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      Abstract: Diatoms are eukaryotic microalgae representing one of the major groups in the marine phytoplankton, accounting for up to 40% of annual productivity at sea. They are widely distributed in all aquatic environments, including extreme ones. To adapt and thrive in such different environments, diatoms have evolved several strategies, including the production of secondary metabolites and toxins as defence mechanisms. Despite the great ecological relevance of these organisms, the study of chemical interactions underlying intraspecific and interspecific communication is still an open field of research. To date, the best known example of chemical mediators in diatoms is represented by oxylipins. These compounds have multiple functions such as antipredator, antibacterial, infochemical and allelochemical, influencing the abundance and distribution of other species in the surrounding environments and eventually shaping the ecosystem functioning. Other lipidic compounds involved in chemical signalling in many organisms have been identified in diatoms, but their role in these microalgae is still poorly understood. In this review, we focus on lipidic secondary metabolites produced by diatoms, i.e. oxylipins, prostaglandins and sterols, their biosynthetic pathways and their established or putative role as infochemicals.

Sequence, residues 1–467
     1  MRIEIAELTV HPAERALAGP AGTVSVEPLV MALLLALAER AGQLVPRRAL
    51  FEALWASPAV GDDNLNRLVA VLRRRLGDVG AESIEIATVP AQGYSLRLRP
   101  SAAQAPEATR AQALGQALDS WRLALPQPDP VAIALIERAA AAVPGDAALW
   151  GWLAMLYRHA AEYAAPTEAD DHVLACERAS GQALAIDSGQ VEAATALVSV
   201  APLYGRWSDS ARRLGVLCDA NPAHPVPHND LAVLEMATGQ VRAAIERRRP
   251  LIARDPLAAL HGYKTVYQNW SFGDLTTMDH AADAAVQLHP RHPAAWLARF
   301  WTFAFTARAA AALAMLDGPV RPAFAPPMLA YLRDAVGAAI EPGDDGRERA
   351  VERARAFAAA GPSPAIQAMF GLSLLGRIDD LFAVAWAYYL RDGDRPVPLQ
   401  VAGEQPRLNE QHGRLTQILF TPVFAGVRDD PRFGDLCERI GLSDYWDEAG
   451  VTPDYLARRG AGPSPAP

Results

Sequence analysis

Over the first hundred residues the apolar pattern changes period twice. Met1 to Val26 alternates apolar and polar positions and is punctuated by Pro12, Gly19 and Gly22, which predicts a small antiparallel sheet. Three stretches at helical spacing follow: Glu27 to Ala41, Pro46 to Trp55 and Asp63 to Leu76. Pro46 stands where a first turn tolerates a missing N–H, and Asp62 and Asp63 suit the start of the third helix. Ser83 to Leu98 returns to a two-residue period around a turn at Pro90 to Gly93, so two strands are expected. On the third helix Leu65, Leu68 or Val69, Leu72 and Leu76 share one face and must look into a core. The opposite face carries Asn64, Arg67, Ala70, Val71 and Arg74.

PubDate: 2022-01-21
       
  • Aquatic chemical ecology meets ecotoxicology